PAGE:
Various Charge Storage mechanisms

There are several mechanisms that can be used for charge storage in electrical and electronic devices, including:  
  1. Capacitive storage: Capacitive storage, also known as electrostatic storage, involves storing electrical charge on the surface of a conductor. This is achieved by placing two conductive plates separated by an insulating material (the dielectric) in close proximity to each other, forming a capacitor. The charge on the conductor is proportional to the potential difference (voltage) between the two plates, and can be stored and released by applying a voltage across the capacitor.  
  2. Inductive storage: Inductive storage involves storing electrical energy in a magnetic field. This is achieved by placing a coil of wire in a magnetic field and passing an electrical current through the coil, creating a magnetic field around the coil. The energy stored in the magnetic field can be released by passing a current through the coil in the opposite direction.  
  3. Electrochemical storage: Electrochemical storage involves storing electrical energy in the form of chemical energy in a device such as a battery. In a battery, electrical energy is stored in the form of chemical reactions that occur between the electrodes and the electrolyte. The chemical reactions can be reversed by applying a voltage across the electrodes, allowing the stored energy to be released.
  4. Mechanical storage: Mechanical storage involves storing electrical energy in the form of kinetic or potential energy in a device such as a flywheel. The energy is stored by applying a torque to the device, causing it to rotate or move, and can be released by allowing the device to rotate or move in the opposite direction.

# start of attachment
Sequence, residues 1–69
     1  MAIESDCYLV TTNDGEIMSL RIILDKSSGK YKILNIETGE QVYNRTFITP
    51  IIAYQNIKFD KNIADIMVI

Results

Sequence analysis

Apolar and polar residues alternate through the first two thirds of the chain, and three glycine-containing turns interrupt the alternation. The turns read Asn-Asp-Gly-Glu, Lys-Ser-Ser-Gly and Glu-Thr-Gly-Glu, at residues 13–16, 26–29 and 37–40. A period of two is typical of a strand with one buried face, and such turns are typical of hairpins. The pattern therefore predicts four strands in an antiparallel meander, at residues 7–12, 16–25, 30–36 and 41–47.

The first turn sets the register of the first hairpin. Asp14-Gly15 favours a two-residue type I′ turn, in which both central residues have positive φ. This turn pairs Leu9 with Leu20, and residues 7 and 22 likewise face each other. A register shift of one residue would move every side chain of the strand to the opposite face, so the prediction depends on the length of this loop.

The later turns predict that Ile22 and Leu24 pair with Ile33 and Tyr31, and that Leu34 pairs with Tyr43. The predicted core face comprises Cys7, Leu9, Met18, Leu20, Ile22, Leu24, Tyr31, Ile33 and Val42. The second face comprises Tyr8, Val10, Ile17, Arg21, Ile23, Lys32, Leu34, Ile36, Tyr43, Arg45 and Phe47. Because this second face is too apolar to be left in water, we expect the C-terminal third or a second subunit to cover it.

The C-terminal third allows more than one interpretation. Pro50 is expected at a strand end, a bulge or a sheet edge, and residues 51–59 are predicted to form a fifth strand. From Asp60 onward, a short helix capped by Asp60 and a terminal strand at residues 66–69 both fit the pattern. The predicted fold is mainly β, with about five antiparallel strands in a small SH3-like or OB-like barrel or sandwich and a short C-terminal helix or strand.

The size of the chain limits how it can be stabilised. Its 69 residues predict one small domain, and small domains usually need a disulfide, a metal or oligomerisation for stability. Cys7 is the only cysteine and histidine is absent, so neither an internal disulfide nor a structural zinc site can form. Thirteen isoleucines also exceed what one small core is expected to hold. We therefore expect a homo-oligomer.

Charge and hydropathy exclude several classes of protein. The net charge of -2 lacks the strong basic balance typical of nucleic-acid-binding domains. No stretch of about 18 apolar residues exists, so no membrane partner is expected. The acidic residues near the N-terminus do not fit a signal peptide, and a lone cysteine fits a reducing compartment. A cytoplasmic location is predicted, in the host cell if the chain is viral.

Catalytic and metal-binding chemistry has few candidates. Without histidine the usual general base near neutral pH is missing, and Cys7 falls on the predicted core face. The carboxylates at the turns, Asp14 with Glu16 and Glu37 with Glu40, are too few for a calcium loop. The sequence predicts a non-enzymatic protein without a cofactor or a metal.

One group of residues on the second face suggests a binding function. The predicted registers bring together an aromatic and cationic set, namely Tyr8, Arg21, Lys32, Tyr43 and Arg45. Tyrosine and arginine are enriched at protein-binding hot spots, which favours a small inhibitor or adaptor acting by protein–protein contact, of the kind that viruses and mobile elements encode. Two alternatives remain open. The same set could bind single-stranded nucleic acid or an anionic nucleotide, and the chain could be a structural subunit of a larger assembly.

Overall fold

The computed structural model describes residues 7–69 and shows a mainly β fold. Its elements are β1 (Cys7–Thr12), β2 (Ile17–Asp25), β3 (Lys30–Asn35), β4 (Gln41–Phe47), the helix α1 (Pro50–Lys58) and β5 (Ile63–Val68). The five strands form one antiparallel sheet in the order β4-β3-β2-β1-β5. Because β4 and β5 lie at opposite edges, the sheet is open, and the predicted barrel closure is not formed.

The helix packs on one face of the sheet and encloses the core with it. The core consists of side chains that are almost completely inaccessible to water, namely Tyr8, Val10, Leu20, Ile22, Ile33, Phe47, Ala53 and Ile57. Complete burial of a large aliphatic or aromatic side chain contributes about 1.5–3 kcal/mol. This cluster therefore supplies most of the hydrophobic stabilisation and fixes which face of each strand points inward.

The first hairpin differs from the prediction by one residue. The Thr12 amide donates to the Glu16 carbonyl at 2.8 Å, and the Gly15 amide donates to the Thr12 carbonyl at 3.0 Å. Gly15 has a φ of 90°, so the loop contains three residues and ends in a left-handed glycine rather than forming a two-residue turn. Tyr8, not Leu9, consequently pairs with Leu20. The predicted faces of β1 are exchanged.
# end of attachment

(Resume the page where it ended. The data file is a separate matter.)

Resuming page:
a) EDLC or electric double layer capacitance: physical adsorption of ions characterized by square shaped CV (I = C dV/dt i.e., current proportional to scan rate) Example: Carbon 
Its usually termed as non faradic

b) Pseudocapacitance: surface redox reactions fast enough to produce nearly square shaped CV (current I is proportional to (scan rate)^x where x is close ~1. No peaks or very small redox peaks in CV with small (or no) peak separation Example: MnO2

c) Faradaic (Battery-like) capacity: Sluggish redox reactions with current 'I' usually proportional to (scan rate)^0.5. Well separated redox peaks in CV Example: Ni (OH)2; Li4Ti5O12

Materials with first two charge storage mechanisms fall under one category and are known as capacitive materials whereas materials with third mechanism are know as Faradaic/Battery materials

If you combine two different materials with capacitive mechanisms (EDLC or pseudocapacitance) then configuration is called Asymmetric Supercapacitor.  Example: carbon/carbon (two different carbon); C/MnO2

Capacitive material | Battery-like material
If you combine two materials; one capacitive type and one Battery type then it is called Hybrid Supercapacitor. Example: C/Ni(OH)2; C|Li4Ti5O12

(Capacitive material | Capacitive material)
It is unfortunate that the terms ‘‘asymmetric’’ and ‘‘hybrid’’ have been used in such an ambiguous manner in the literature